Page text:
August 11th, 2011


by Lauren Oliver

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They say that the cure for love will make me happy and safe forever.

And I’ve always believed them.

Until now.

Now everything has changed.

Now, I’d rather be infected with love for the tiniest sliver of a second than live a hundred years smothered by a lie.

Amor Deliria Nervosa. Plato was the first to introduce the idea of love as a disease. Lauren Oliver takes this idea and transforms it into a strict, infuriating, frustrating, wonderfully dystopian world.

I love the concept of falling in love in a world where love is illegal. I love Lena (the main character)’s mother, who supposedly committed suicide because she’d rather die loving her daughters than live loving no one. I love that, because of her family history, Lena is, at first, ridiculously excited to get Amor Deliria Nervosa’s cure. I love the Portland town that Lena lives in. I love how the futuristic U.S. is organized; the goverment decides who marries whom, where and if people go to college, where people work. I love the little quotes (from books in Oliver’s world) that introduce each chapter, and the effect they have on me.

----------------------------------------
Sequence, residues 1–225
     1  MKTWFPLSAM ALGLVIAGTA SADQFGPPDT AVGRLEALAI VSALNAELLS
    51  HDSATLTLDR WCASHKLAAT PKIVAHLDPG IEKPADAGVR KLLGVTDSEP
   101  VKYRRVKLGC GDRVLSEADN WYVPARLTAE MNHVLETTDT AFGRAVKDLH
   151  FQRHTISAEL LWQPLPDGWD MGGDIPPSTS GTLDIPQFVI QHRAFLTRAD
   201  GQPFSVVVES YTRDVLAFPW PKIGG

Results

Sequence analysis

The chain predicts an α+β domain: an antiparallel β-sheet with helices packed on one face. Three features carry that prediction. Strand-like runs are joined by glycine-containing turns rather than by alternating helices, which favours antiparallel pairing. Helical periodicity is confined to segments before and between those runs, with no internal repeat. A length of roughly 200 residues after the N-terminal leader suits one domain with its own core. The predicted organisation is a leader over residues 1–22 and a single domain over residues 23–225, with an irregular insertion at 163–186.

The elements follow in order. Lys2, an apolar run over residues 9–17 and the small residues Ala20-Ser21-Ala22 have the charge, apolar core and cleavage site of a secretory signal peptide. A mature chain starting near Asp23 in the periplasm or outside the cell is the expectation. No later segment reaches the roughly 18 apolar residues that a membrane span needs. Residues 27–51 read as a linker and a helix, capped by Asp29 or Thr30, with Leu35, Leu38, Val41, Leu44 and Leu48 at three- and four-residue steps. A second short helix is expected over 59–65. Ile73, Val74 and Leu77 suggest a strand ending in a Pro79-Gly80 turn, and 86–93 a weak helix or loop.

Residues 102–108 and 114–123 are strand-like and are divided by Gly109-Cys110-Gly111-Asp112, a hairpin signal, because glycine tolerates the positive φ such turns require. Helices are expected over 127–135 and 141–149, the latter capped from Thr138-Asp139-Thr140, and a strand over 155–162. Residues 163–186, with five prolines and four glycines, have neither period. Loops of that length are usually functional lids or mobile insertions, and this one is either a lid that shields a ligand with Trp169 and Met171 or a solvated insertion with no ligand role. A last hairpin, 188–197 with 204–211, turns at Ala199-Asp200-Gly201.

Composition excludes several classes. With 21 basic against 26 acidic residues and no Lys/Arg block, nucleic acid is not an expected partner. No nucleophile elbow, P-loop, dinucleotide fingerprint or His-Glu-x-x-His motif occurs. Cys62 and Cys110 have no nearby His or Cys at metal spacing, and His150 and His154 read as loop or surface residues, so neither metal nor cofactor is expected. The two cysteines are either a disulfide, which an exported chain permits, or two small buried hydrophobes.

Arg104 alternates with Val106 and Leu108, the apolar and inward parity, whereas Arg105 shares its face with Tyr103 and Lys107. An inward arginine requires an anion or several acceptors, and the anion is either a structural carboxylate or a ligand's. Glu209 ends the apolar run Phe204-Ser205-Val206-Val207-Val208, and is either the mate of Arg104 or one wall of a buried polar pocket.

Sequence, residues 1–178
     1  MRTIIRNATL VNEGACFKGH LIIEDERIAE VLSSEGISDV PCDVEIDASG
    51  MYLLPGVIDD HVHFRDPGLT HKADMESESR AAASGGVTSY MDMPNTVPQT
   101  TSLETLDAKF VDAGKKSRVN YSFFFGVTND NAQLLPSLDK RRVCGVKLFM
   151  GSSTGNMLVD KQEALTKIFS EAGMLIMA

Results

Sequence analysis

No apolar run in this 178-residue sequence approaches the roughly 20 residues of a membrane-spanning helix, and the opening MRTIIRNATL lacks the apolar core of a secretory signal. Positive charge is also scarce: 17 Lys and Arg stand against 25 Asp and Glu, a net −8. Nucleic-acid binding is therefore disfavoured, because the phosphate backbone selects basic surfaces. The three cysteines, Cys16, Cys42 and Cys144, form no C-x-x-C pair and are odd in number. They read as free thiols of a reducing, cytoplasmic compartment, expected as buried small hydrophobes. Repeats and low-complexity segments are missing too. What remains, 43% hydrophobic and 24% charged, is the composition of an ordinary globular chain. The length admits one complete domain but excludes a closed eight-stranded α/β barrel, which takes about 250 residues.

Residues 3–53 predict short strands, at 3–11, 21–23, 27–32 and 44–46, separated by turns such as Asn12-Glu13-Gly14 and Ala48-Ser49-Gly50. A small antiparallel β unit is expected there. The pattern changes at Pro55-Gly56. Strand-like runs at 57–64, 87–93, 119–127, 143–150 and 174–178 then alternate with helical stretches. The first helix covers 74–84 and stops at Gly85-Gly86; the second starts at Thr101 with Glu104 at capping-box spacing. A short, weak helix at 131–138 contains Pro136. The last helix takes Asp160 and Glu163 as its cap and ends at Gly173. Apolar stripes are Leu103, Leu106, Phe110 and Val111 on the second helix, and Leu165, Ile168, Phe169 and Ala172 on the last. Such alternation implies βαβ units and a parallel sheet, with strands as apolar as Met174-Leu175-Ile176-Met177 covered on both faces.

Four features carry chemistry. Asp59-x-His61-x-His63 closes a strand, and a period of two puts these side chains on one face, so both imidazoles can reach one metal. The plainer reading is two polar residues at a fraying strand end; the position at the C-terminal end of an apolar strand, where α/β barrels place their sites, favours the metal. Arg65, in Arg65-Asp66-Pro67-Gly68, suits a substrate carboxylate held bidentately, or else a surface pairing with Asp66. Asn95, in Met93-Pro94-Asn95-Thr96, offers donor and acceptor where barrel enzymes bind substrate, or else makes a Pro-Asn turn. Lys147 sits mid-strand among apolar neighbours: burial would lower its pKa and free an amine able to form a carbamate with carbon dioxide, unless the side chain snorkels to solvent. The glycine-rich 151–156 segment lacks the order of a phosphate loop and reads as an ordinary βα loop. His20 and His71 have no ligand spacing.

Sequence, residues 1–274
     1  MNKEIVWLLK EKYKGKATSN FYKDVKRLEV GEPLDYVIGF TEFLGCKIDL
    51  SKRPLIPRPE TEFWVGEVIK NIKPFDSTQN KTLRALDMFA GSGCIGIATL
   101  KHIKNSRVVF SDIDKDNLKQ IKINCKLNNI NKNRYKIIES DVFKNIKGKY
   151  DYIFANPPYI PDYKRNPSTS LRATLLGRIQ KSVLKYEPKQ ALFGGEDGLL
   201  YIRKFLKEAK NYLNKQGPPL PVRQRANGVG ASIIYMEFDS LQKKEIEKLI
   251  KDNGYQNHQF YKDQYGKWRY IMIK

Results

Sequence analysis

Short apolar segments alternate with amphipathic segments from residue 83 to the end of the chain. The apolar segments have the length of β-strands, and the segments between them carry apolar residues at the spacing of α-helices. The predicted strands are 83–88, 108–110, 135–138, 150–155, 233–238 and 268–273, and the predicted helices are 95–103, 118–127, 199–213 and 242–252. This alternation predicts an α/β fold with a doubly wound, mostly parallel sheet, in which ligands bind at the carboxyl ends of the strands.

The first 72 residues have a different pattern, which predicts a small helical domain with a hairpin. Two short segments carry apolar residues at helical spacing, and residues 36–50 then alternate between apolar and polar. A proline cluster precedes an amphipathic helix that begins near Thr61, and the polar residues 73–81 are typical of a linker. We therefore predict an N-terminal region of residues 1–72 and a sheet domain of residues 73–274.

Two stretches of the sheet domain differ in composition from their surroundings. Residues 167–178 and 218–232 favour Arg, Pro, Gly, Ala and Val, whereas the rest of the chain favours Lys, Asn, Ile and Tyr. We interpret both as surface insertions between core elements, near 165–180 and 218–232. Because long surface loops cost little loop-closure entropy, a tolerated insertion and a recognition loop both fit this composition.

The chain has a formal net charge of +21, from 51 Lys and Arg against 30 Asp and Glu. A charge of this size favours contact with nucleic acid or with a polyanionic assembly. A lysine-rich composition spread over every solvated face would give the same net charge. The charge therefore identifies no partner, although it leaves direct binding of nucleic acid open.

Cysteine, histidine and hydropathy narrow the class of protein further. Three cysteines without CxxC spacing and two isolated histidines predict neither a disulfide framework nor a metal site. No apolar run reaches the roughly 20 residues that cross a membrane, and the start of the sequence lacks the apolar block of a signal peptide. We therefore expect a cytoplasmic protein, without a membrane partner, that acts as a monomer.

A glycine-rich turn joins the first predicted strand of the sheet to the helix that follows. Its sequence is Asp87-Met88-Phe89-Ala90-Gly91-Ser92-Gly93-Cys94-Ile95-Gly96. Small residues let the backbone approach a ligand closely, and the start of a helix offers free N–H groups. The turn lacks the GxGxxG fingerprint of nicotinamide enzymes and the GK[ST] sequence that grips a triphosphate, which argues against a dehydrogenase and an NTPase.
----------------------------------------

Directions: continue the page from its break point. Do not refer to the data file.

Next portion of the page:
I’ll give you an example of one that I found especially shiver-inducing:

Mary keep your oars a-steady

Sail away on the rising flood

Keep your candle at the ready

Red tides can’t be told from blood.

~ “Miss Mary” (a common child’s clapping game, dating from the time of the blitz), from Pattycake and Beyond: A History of Play

~ Chapter eighteen

In spite of this, I didn’t enjoy Delirium as much as I could have. I blame my prejudice towards this dystopian world (love being a disease). I mentioned that Lena’s mother apparently committed suicide to avoid being cured from love. Lena strongly disagreed with her mother for the majority of the book, which put me and her at odds. I, of course, see life without love as life not worth living, so for most of the book I fought with Lena. I tried to understand her point of view, but I couldn’t. At all.

Furthermore, how Amor Deliria Nervosa’s cure works is not explained. What part of the brain does the cure’s operation’s 3-pronged needle fiddle with? How does messing with one emotion not affect other emotions? Do the cureds even feel emotions at all? If not, what makes them human? And, most importantly, how could you just switch off an emotion as heartfelt as love? Oliver’s world would be more realistic if the scientific portion of it were explained.

And then there’s Delirium‘s ending. Oh, the ending. Prepare to be complete and utterly dissatisfied. And save up for the sequel.

In the end, Delirium merits a whopping 3.5/5 stars. A great dystopian, if you’re not a scientist.

I’ll keep you posted,


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2 Responses to Delirium

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